The most important asset of the A321XLR, the ultra-long-range variant of the Airbus jet, could be undermined by a safety requirement. According to Reuters, the manufacturer would have agreed to expand the reinforcement of the structure necessary to make the rear central tank extra safe.
Structural reinforcement, however, would have added up to 800 kg to the aircraft’s weight, about 500 kg more than initially planned. As a result, the promised range of 4,700 nautical miles (8,700 km) would have dropped to something like 4,500 nm (about 8,300 km).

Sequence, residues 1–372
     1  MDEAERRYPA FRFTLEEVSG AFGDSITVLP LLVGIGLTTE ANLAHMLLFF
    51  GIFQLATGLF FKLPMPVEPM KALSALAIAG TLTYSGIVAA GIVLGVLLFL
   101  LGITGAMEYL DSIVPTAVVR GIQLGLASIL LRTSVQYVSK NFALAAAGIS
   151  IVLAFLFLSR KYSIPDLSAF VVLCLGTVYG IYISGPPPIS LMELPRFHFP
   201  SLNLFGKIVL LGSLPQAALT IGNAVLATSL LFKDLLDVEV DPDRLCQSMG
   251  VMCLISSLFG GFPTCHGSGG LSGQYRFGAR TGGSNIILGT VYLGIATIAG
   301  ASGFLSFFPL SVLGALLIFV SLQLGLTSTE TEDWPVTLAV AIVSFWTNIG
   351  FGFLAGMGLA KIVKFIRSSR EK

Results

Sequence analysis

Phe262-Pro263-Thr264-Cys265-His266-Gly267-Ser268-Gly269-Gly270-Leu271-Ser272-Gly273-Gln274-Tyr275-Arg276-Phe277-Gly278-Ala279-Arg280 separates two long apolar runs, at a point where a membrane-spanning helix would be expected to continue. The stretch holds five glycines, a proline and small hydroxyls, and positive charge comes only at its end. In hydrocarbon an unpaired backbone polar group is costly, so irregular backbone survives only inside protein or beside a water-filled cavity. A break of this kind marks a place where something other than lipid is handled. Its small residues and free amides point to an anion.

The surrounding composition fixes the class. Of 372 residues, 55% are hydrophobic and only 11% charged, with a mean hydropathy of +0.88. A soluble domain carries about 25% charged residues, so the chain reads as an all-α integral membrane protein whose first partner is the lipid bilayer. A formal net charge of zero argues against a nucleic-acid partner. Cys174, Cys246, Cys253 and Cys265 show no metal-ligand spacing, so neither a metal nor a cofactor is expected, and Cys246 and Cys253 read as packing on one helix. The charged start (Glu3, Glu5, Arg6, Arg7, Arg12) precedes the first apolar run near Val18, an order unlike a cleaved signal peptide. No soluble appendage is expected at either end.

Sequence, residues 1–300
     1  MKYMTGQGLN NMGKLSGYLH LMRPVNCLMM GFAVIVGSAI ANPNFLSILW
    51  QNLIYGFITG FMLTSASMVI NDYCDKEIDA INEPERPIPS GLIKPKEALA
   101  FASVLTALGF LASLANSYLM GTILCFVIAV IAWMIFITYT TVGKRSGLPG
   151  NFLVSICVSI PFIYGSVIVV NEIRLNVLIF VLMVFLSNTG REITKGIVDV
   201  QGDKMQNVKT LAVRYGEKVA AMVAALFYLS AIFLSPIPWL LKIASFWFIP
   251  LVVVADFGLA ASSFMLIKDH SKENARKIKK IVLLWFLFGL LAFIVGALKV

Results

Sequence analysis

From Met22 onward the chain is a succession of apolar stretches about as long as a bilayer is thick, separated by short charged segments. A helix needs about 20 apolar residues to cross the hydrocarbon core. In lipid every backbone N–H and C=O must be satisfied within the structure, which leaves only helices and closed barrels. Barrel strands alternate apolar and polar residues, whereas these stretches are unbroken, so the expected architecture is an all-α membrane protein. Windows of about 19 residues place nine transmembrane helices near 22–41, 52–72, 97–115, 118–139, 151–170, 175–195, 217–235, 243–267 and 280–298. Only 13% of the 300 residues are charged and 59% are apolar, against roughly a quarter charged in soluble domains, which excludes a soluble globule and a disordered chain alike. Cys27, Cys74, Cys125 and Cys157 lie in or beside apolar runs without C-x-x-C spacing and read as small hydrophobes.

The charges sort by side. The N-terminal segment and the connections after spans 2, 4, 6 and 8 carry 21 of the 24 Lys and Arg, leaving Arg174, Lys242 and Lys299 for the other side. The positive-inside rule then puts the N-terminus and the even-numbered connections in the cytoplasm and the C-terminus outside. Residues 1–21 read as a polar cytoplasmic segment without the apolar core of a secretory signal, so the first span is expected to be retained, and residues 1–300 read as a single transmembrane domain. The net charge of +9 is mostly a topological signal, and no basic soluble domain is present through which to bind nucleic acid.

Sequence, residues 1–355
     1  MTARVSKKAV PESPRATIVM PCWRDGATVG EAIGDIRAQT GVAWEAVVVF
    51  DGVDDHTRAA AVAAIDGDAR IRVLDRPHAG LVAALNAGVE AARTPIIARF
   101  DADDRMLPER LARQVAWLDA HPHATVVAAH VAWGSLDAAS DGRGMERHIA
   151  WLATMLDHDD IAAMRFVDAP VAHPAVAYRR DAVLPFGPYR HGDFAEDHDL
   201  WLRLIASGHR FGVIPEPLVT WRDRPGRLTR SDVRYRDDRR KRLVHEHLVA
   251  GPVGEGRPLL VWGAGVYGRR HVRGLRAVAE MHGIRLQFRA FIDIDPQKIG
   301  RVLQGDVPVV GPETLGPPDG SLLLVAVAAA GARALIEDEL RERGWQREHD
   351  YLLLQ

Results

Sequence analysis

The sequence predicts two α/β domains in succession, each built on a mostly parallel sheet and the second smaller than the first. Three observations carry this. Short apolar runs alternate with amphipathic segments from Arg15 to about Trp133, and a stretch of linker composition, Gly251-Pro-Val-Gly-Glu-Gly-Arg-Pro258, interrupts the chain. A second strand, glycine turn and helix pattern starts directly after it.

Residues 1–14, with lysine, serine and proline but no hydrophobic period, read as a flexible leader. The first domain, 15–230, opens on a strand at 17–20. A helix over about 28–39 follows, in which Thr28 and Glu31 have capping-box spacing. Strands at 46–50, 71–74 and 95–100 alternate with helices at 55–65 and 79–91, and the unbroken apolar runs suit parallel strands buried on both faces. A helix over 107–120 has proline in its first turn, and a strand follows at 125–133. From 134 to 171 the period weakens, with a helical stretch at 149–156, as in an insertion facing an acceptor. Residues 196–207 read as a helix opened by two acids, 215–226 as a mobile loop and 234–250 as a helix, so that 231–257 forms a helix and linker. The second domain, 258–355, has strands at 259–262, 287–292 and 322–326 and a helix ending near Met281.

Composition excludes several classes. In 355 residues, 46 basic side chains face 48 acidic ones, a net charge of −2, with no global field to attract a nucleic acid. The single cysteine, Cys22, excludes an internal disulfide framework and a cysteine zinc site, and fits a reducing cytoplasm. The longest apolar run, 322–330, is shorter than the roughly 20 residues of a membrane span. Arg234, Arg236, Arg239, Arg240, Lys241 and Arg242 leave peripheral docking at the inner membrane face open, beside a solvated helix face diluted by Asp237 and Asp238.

Currently, the A321LR (Long Range) version is capable of flying 4,000 nautical miles and thus taking on transoceanic flights.
The A321XLR, in turn, attracted several customers due to its potential as a more economical substitute on routes where only heavy and expensive wide bodies currently fly.
Safety issues had been raised by Boeing initially and involved a fire risk and evacuation time as the new rear center tank was positioned in a sensitive area of the aircraft.
According to Reuters, Airbus has agreed to the requirement made by the European Union Aviation Safety Agency (EASA) and is developing a new tank.
Despite this, Airbus has stated that the change will not have a significant impact on the performance of the A321XLR, in response to the news agency.
The A321XLR is expected to be certified in the second quarter of 2024 and enter service thereafter.